My personal 2-pennies on this: There are two possibilities. Either there is karmic sense in this – in which case it actually was the poor baby’s experiential life path, for whatever reason (cruel universe theory), and one then seriously hopes for reincarnation so that she can experience something better the next time, or at least a halcyon paradise after death – or it really is only the pointless, predatory style violence that is endemic to this planet, and humankind still needs many more centuries of hanging criminals before we can call ourselves “evolved”.

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        • colonialist says:

          The atheists crow triumphantly that reincarnation is an impossibility due simply to the numbers now living as opposed to the numbers known to have lived over the ages. The reincarnationists counter this with a ‘new soul’ theory (I know a lot of people dim enough to qualify) and that all souls do not necessarily come from Earth.
          So souls need to progress? The Karmic theory still goes nowhere much towards a satisfactory answer as to ‘why?’.
          My own feeling is that any theory holding that humans are a special case is flawed. The universe as a whole is what is progressing. Again, WHY?

          Liked by 1 person

          • gipsika says:

            I agree re the humanocentric viewpoint. Re new souls: Well, while we’re on the topic of parapsychology anyway, anything is possible in these realms. 😀 But it wouldn’t even be necessary, if you’d consider including every living being into the karmic equation. There are many, many exponentially more ants, for instance, than humans could ever dream to be; and that’s just one insect species. Also, from that angle, whole species have gone extinct (never mind; whole 54% of all life on Earth in the largest of the mass extinctions so far) – where did their souls go?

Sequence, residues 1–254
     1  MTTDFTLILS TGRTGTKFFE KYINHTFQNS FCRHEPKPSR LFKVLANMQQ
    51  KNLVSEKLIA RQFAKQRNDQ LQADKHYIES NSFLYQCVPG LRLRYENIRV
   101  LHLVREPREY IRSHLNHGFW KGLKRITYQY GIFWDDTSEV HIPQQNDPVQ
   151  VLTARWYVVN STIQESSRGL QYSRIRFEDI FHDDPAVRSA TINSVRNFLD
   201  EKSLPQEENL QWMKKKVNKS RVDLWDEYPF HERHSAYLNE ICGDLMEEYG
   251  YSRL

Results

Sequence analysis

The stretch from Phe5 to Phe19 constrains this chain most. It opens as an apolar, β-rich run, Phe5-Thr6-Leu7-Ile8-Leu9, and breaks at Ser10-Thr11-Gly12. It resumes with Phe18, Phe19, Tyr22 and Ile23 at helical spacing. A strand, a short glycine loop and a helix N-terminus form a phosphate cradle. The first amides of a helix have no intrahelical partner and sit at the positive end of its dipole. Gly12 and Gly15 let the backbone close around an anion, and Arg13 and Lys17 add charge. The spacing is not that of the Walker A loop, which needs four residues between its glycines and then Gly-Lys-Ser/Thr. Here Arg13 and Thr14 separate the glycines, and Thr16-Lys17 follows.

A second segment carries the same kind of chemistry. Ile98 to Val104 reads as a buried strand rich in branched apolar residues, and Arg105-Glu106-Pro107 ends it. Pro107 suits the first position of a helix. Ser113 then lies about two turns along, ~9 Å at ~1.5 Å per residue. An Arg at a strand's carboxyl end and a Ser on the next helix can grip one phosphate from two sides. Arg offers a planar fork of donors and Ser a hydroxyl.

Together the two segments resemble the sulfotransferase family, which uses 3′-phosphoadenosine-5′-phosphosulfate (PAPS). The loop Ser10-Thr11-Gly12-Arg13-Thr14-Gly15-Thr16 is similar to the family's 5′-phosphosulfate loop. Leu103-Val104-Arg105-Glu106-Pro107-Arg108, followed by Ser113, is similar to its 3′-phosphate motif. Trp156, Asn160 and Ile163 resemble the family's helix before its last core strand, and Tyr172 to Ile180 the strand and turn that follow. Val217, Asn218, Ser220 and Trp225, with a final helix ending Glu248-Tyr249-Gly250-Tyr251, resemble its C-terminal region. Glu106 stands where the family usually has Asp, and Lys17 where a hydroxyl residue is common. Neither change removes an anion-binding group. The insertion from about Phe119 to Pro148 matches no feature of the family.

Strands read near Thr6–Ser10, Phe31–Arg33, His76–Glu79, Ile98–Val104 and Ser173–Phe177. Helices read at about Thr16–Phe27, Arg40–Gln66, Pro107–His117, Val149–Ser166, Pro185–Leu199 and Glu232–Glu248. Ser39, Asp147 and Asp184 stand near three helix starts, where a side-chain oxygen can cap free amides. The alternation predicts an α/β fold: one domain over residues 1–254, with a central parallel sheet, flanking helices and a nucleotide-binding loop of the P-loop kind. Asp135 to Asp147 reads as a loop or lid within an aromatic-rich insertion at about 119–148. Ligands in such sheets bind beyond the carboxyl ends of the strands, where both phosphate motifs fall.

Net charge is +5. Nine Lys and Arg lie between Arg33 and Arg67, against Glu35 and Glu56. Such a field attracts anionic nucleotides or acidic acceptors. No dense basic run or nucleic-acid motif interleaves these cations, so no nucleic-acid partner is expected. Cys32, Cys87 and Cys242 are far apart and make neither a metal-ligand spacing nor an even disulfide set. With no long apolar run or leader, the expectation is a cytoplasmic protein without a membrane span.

I think the more pertinent question if one followed that philosophical path, would be where all these souls came from (if the numbers have to remain constant)? Or is it more like in an electron cloud, where a “single” electron can materialize here or there, but mainly the “cloud” is dispersed? (LOL – you realize we’re now in the modern equivalent of the discussion of how many angels can dance on the tip of a needle.)

            Do souls need to progress? Well according to the Buddhistic viewpoint (if I understood this correctly), they ought to try to progress, or else be doomed to reincarnate forever. The Buddhist “Nirvana” as a place of 100% sensory deprivation, a state of “nothingness”, has always spooked me a bit, so I’m sort-of certain I misunderstand some of the concepts here. To me, a place of “nothing and nowhere” would be the only genuine concept I could come up with to “Hell”. Luckily, even interstellar space is filled with star dust, interstellar clouds and “plasma”.

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            • colonialist says:

              I must say that I don’t go with the Buddhist buddies on ambitions to go into nil, zero and zilch. I’d prefer to go on re-petunia-ing, thanks very much!
              Anyway, that’s still absolutely no answer to life, the universe and everything that makes any sense.
              Space – yes, not to mention dark matter, and quantum dimensions!

              Liked by 1 person

  7. Reblogged this on tweetlessblogmore and commented:
    Very true and legit questioning to the hyper-religious and even to atheists-
    This post is for those who truly welcome ideas and question just about everything- love this!
    Cheers to those who fall somewhere in between the extremes 🍻

    Like

  8. Arkenaten says:

    Extremely clever verse. And I was cheering all the way til the last verse. Though I am so glad you included the question mark 😉

    Like

  9. That last cartoon is funny. I’m still working on the Buddhist one … I should probably be asleep.

    Liked by 1 person

  10. disperser says:

    This idiot does not ascribe to a master, monster, messed-up, or any other type of plan.

    “why” is an overrated question, in my opinion, and one that ultimately detract from the experience of this life (again, my opinion).

    Like